I have much news to report, most of it good. But before I do, this piece of bad news needs its own entry.
SF writer Octavia Butler died this weekend at the age of 58. Way, way too young.
My first encounter with Butler was a novel called Wild Seed, and the experience still resonates in my head. The villian of the book, Doro, is a sort of psychic parasite who has lived for thousands of years in various hosts. He’s one of the most convincing immortals, most brutal characters, and most seductive antagonists I’ve ever read. He inflects every super-powered character I’ve ever written.
Butler won Hugos and Nebulas, and was the first sf writer to be awarded a MacArthur “Genius” Grant. But I don’t think many in the field ever realized how transformative she was. Her focus on biology took a lot of what had happened to sf in the late 1960s and early 70s with regard to politics and gender, and turned it into something harder, in the scientific sense, and edgier in every other sense.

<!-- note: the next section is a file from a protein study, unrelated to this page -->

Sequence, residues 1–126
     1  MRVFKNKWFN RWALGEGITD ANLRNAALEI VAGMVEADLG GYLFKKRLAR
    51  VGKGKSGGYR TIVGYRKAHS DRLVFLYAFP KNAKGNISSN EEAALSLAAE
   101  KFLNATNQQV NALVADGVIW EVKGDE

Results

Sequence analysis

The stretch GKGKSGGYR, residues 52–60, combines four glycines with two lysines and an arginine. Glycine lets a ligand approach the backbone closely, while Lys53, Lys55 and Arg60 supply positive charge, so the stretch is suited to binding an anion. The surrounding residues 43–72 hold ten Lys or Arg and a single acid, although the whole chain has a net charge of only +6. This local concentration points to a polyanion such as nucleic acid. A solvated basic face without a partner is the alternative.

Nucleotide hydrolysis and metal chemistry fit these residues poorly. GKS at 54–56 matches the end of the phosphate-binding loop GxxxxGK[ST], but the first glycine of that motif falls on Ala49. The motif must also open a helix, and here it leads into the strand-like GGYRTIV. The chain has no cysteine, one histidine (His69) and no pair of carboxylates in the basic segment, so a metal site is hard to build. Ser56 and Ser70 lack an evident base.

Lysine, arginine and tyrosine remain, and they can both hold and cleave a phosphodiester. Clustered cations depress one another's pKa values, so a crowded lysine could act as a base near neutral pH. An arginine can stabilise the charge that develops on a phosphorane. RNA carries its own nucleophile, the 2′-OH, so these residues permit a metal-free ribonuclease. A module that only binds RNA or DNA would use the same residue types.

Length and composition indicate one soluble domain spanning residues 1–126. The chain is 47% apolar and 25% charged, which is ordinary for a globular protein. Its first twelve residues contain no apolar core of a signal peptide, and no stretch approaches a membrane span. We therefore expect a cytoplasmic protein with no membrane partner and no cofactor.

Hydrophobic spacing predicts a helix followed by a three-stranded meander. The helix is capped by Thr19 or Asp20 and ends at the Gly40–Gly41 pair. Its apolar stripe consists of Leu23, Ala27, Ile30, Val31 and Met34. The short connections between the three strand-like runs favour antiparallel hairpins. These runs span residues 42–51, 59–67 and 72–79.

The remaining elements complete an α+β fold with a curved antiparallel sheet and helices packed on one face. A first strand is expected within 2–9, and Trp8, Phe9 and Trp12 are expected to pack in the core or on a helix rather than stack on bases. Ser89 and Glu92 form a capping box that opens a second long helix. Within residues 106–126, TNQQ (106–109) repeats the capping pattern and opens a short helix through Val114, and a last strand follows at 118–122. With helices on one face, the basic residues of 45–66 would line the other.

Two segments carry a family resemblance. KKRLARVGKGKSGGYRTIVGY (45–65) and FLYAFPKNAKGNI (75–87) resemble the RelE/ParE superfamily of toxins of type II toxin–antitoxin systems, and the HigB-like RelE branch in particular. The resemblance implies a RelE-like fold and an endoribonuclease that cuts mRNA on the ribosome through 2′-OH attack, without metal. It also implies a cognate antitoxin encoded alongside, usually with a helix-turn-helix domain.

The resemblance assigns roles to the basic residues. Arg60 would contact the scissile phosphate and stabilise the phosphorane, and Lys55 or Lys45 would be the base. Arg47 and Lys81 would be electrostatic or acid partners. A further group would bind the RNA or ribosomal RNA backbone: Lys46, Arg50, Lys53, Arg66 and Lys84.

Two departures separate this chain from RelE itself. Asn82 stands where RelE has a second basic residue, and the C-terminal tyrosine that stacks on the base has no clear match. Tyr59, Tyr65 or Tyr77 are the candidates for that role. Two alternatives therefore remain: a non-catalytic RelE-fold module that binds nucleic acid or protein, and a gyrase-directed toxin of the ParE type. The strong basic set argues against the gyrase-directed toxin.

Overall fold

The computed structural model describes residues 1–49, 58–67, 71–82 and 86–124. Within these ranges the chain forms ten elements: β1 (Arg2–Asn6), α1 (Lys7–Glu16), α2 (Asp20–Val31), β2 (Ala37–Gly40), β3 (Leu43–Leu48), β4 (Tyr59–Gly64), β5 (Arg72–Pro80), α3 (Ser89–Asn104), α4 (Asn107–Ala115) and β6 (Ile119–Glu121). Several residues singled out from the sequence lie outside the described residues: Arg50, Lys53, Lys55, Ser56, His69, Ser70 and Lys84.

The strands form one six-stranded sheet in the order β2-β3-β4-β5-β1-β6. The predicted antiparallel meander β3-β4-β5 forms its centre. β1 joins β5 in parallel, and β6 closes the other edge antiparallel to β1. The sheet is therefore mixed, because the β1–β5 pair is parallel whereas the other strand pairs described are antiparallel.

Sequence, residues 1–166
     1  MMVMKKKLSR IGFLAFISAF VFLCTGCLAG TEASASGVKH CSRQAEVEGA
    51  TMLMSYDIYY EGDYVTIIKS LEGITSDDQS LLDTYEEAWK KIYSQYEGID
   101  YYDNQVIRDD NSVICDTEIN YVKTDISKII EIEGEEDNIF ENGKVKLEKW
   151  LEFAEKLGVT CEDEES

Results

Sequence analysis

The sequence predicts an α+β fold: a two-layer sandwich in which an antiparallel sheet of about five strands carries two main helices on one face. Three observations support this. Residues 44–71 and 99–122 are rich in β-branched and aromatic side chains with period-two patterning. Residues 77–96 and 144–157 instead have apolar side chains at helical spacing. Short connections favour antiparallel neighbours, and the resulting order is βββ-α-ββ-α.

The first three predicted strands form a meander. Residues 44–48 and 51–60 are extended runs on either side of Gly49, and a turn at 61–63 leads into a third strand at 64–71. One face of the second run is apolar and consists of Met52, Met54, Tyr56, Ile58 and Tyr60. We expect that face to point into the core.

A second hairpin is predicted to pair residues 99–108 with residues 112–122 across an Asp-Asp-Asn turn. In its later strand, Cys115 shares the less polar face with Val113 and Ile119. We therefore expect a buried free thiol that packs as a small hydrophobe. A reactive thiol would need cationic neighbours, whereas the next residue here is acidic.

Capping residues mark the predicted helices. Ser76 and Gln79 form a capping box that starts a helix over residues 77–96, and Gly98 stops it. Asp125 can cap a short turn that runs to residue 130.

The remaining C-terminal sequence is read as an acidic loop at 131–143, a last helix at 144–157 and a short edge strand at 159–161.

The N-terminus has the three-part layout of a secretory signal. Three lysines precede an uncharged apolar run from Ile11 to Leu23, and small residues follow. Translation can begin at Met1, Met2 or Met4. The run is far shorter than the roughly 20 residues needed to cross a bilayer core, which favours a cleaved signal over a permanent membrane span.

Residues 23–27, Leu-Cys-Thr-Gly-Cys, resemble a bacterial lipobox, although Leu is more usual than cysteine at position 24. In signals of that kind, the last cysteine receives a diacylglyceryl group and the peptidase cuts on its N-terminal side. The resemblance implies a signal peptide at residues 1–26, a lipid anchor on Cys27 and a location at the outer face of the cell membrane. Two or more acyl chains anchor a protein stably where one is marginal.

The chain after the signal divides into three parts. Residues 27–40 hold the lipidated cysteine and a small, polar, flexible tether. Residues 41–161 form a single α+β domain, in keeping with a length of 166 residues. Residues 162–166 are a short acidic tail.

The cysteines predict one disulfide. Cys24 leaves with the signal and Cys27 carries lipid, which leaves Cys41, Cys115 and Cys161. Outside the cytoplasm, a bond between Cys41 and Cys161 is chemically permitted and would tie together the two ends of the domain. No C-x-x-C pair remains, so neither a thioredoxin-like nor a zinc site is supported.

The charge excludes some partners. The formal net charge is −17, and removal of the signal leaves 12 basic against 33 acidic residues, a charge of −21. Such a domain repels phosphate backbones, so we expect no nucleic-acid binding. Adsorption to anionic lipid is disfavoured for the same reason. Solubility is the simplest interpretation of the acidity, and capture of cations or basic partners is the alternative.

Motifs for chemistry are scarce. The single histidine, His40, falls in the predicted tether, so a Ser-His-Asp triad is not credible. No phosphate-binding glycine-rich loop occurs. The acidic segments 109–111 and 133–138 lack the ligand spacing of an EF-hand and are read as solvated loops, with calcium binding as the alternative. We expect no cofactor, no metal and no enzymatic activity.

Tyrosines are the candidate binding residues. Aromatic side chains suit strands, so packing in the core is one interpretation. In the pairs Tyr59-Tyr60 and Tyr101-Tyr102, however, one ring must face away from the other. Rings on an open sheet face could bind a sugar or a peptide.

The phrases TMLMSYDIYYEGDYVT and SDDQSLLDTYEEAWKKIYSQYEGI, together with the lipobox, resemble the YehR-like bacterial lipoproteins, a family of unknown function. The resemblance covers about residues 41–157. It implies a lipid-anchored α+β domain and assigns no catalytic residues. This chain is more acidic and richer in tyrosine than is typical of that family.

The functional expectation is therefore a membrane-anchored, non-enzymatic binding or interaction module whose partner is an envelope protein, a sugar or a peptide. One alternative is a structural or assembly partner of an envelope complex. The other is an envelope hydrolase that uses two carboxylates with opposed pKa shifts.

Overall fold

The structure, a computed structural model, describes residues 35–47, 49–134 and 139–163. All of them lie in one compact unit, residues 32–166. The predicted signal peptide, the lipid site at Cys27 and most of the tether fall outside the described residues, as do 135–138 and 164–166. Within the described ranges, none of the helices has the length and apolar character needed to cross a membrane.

Whenever people run that line about the period “before cyberpunk” being fallow and tame, I shake my head and realize how much farther we have to go. When Butler wrote about the effects of misused power on individuals, she blew those boys out of the water on every single page. She could be truly scary, in a way that splendidly illuminated this truly scary world.
She will be sorely missed.
Two years ago, Butler published a story on scifiction. It’s not her best work by a long shot, but it makes for eerie reading at the moment. It’s an auto-biographical meditation on what it is to be a science fiction writer: what it means to create worlds and to map the future of humanity—to play god, in other words. But it’s bigger than that. It’s about what we as a species need to be thinking about right now.
It begins with these words:
“It’s difficult, isn’t it?” God said with a weary smile. “You’re truly free for the first time. What could be more difficult than that?”
You can read it here.